Written for Developers, Builders, Engineers/Architects interested in Zoning Enabling

On January 1st 2024, the state of Rhode Island passed what we in the industry refer to as “enabling legislation” with the explicit goal of creating more housing stock to alleviate the housing shortage. This “Zoning Enabling” legislation does a few things that we encounter in day to day development, summarized below. There are numerous blog articles from law firms, and some presentations made during the legislative session – all good references – but these can be hard to follow, hence our summation.

For official purposes, the core bill is the only primary source. Caveat Emptor.

I do sincerely hope that this creative Zoning Enabling legislation allows for more housing units to be constructed and that these are significant enough to reduce housing prices and alleviate demand. My expectation is that it’s going to take at least 3-5 years for that to happen, given the limited amount of land area in RI. The adaptive reuse provision should allow for many “old” uses (malls, etc.) to be converted into housing. It would definitely be nice to see more duplex zoning allowance. And keep an eye out for Newport’s zoning ordinance, which is currently investigating a few options to solve their own housing crisis. Watch this space.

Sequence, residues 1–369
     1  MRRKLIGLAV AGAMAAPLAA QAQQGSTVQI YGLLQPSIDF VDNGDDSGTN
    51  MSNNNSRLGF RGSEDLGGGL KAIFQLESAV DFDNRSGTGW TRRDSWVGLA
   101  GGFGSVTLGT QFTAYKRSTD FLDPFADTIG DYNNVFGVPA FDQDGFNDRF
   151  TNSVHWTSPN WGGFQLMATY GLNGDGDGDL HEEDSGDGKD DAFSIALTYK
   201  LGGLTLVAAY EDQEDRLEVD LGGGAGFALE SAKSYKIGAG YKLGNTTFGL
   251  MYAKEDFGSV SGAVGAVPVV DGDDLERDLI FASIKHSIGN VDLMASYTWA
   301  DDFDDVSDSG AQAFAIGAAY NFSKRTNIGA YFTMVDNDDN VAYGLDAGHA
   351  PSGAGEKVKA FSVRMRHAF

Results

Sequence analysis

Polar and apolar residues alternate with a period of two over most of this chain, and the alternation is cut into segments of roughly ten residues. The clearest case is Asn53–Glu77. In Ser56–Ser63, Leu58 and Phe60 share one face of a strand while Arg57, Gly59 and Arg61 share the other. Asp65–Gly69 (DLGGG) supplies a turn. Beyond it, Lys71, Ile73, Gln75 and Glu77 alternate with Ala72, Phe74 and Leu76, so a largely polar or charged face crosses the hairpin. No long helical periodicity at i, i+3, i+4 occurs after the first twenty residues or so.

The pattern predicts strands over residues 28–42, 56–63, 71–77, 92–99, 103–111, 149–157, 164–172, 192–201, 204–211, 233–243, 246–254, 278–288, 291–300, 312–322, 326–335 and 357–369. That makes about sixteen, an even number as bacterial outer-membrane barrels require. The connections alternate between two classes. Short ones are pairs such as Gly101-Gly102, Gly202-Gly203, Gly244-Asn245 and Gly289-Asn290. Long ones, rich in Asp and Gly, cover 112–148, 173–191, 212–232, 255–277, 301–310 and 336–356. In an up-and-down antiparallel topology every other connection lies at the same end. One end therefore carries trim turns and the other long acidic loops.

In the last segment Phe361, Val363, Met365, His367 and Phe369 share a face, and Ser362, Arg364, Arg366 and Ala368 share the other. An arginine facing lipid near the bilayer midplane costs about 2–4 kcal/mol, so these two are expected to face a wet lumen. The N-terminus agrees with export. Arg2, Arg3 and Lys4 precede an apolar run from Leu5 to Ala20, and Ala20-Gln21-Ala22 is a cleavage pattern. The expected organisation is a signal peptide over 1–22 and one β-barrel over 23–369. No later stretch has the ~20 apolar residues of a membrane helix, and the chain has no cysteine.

2023 Legislation | Partridge Snow & Hahn client alert | Dimensional Modification

Up to 5%
This can be interpreted as a “gimmie”, the local zoning officer is permitted to allow modifications of the core zoning setbacks (not variances), by 5% without requiring notification of abutters. So if your side setback is 10’-0” the zoning officer can permit a reduction of 6” to 9’-6”.

15% to 25% (Varies by municipality, check local zoning).
The process, in a nutshell, is as follows: The applicant requests a dimensional modification for up to 15% to 25% of the core zoning setback, from the zoning officer. Abutters are then notified of the request. If no abutters object, the zoning officer can administratively approve the request. If any objections are filed, then you would proceed to the Zoning Board of Review for a zoning variance application.

Low to Moderate Income Housing Developments:


This permits density over the core zoning allowance, provided projects have at least 25% low to moderate income housing (defined as housing that’s below 80% Average Median Income (AMI) for rentals or less than 120% AMI for sales, with at least a 30 Year Restriction).

Stormwater, parking, utilities, etc., still must “work” for the project

For properties with BOTH sewer and Water:

·       With 25% LMI Units: 5 Units Per Acre

·       With 50% LMI Units: 9 Units Per Acre

·       With 100% LMI Units: 12 Units Per Acre

For properties not connected to BOTH sewer but provide service (via wells / OWTS):

·       With 25% LMI Units: 5 Units Per Acre

·       With 50% LMI Units: 9 Units Per Acre

·       With 100% LMI Units: 12 Units Per Acre

Also, this requires only ONE parking space for dwelling units with less than 2 bedrooms.

Adaptive Reuse